I’ve spent a lot of time recently working with predictive analytics and showcasing a few examples here on the blog like predictive SEO and predictive social media. However, we haven’t really dug into what predictive analytics is, so let’s tackle that today.
What is Predictive Analytics?
If we ask Wikipedia for a definition, this is what comes up:
Predictive analytics encompasses a variety of statistical techniques from predictive modeling, machine learning, and data mining that analyze current and historical facts to make predictions about future or otherwise unknown events.
In short, we attempt to predict the future using analytics tools, statistics, and data science. We build, test, and deploy models to forecast what is likely to happen.
A Very Brief History of Predictive Analytics
Predictive analytics has existed since humanity could count. The discipline of predictive analytics really began in England in the late 1600’s. In his excellent book Uncommon Grounds: The History of Coffee, Mark Pendergrast detailed the founding of Lloyd’s of London, the famous insurance market. Lloyd’s was originally a coffee shop near the harbor, and various insurance underwriters drank coffee and discussed the likelihood that various ships at sea would successfully complete their voyages.
Insurance underwriters attempted – with varying levels of success – to predict which ships and cargoes would survive perilous ocean journeys. While they lacked computing power, they were accurate enough that Lloyd’s of London was able to change from coffee to insurance and remain one of the dominant insurance markets for over 330 years.
Predictive analytics became a discipline unto itself during the 1920s when stock markets – and their capital – fueled interest in predicting numerical outcomes and time series analysis. By the 1970s, researchers George Box and Gwilym Jenkins published the book Time Series Analysis, the definitive work on predictive analytics, to describe how to use data to predict future outcomes over time.
However, predictive analytics remained largely an enterprise and academic function until the 21st century due to lack of computing power and available software for the average worker or student.
By 2010, interest in the field began to rise substantially, and it’s at its highest today.
Why is Predictive Analytics Important?
In the hierarchy of analytics, predictive is the first stage in which we stop looking backwards at what happened and begin looking forwards at what could happen. It’s a landmark shift in how we think about data.
For example, imagine driving a car using only the rearview mirror. How quickly and safely could we drive? Chances are we could only drive at very low speeds, in very contained environments, if we wanted to arrive at our destinations safely – and we’d still have a few minor fender benders along the way.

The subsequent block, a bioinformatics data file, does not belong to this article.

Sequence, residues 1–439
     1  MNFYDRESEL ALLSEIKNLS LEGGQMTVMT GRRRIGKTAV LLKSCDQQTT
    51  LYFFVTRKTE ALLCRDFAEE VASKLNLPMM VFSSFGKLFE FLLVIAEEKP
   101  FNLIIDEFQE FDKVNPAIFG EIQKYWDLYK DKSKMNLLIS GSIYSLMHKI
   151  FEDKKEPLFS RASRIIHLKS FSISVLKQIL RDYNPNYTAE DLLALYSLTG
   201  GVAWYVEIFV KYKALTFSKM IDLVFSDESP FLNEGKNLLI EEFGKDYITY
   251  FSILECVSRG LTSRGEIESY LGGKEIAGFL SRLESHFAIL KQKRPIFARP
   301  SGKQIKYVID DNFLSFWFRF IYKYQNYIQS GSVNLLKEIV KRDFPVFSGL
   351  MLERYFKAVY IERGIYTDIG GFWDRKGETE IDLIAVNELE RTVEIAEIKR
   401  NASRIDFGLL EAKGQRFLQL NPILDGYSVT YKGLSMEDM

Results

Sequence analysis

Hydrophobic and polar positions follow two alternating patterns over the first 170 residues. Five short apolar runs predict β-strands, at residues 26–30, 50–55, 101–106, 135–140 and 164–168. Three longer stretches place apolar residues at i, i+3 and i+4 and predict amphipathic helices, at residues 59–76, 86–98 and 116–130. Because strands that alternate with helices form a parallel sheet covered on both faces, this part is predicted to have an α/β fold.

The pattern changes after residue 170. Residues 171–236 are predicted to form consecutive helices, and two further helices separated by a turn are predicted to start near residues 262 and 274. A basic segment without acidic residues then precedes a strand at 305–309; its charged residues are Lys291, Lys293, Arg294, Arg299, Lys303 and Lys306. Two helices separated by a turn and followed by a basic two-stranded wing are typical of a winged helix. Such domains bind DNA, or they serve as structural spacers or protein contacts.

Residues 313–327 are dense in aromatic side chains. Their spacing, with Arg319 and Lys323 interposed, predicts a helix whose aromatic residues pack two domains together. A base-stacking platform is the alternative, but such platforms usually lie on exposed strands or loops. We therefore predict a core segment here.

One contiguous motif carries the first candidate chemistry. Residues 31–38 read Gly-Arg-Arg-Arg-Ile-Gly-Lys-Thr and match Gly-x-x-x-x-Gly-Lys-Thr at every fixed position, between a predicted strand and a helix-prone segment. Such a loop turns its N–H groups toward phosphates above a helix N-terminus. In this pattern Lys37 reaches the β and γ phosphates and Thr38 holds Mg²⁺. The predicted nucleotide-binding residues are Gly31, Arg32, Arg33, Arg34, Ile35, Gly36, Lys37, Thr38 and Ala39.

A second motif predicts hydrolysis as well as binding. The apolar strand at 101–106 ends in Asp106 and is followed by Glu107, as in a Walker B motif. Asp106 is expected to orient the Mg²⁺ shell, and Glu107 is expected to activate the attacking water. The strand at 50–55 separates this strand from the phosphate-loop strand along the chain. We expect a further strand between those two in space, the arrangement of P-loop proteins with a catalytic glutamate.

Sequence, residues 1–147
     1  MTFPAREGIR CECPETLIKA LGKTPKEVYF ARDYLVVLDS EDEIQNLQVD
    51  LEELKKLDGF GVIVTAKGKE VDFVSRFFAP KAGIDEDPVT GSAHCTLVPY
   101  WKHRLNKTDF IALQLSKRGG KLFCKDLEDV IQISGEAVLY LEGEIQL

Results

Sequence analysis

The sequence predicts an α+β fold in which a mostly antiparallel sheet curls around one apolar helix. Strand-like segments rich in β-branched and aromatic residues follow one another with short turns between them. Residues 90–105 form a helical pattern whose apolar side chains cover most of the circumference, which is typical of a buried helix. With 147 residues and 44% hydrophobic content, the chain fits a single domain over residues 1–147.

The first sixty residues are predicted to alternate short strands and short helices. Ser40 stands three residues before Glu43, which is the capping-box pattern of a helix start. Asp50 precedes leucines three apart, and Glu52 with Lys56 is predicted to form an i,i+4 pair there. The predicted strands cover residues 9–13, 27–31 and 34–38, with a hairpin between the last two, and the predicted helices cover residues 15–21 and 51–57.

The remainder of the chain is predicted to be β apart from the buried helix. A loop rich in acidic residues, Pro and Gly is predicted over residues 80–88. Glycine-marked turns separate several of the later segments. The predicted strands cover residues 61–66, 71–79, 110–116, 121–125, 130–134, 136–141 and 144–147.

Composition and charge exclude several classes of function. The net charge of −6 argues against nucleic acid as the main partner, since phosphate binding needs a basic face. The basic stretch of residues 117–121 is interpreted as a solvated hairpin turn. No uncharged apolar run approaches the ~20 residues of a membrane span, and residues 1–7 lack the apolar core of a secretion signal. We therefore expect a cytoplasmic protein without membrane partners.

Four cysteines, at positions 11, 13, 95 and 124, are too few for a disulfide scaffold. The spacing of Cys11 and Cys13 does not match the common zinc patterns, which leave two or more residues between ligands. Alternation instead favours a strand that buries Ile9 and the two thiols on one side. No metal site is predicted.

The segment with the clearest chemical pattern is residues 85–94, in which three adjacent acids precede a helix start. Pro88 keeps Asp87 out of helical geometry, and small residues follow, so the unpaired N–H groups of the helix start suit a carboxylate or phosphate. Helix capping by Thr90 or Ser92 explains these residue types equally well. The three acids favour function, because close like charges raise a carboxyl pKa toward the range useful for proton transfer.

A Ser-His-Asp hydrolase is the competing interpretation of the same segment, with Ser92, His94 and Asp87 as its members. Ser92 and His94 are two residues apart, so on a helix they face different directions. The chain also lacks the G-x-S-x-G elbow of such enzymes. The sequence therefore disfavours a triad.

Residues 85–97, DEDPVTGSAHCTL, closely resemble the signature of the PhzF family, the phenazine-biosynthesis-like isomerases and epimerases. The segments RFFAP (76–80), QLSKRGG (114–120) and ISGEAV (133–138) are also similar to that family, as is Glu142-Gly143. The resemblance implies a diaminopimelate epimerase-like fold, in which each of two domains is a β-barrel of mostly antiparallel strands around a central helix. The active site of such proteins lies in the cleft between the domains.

Predictive analytics is driving using the front window, albeit a somewhat foggy one. It’s a significant improvement over the rearview window; we still need to be cautious in our driving because it’s foggy. Yet, we’re able to drive much faster and more reliably when we use predictive analytics well.
What Are the Limitations of Predictive Analytics?
When we use predictive analytics, we train our statistical and machine learning software on what has happened in the past. Thus, predictive analytics are built on data models of what was. For most applications, this makes a great deal of sense – lots of things in life are cyclical and seasonal. It’s a sure bet that consumers search for “holiday gift guide” every fourth quarter. It’s a sure bet that marketers search for “marketing plan” at the end of every January, after the annual sales kickoff in the middle of January.
However, we can’t predict true unknowns. Predictive analytics software has been used by investors for decades to attempt to predict the stock market, with abysmal results for the last 90 years. No amount of predictive software has successfully identified market crashes, because they are highly irrational. Predictive analytics cannot identify major news events; by definition, news is something new and likely unforeseen.
Predictive analytics also cannot deal with mathematical chaos; we have developed reasonably good short-term weather forecasting, but long-term forecasting is still beyond our reach due to the mathematical chaos of how weather works.
What’s Next for Predictive Analytics?
For marketers, the next evolution of analytics is prescriptive, where our software helps build a recommended course of action. With machine learning and artificial intelligence, we will be able – with high-confidence predictive models – to determine what to do next in a programmatic way.
Today, humans still need to interpret the results of predictive analytics in order to extract maximum value from them. As computing power continues to increase, expect that to be automated.
How Do We Get Started With Predictive Analytics?
Most predictive analytics software and applications today are baked in one of two programming languages – R and Python. Learning these two programming languages and the statistics of predictive analytics is the best way to get started. I tend to use R much more than Python, personally. Your mileage should vary.
If you don’t have the time or resources to develop in-house predictive analytics capabilities, look to agency partners and vendors. Many vendors are integrating predictive capabilities into their software, such as IBM Watson Analytics.
You might also enjoy:
- The Evolution of the Data-Driven Company
- Product Review: IBM Watson Studio AutoAI
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- You Ask, I Answer: How To Write Sales Proposals?
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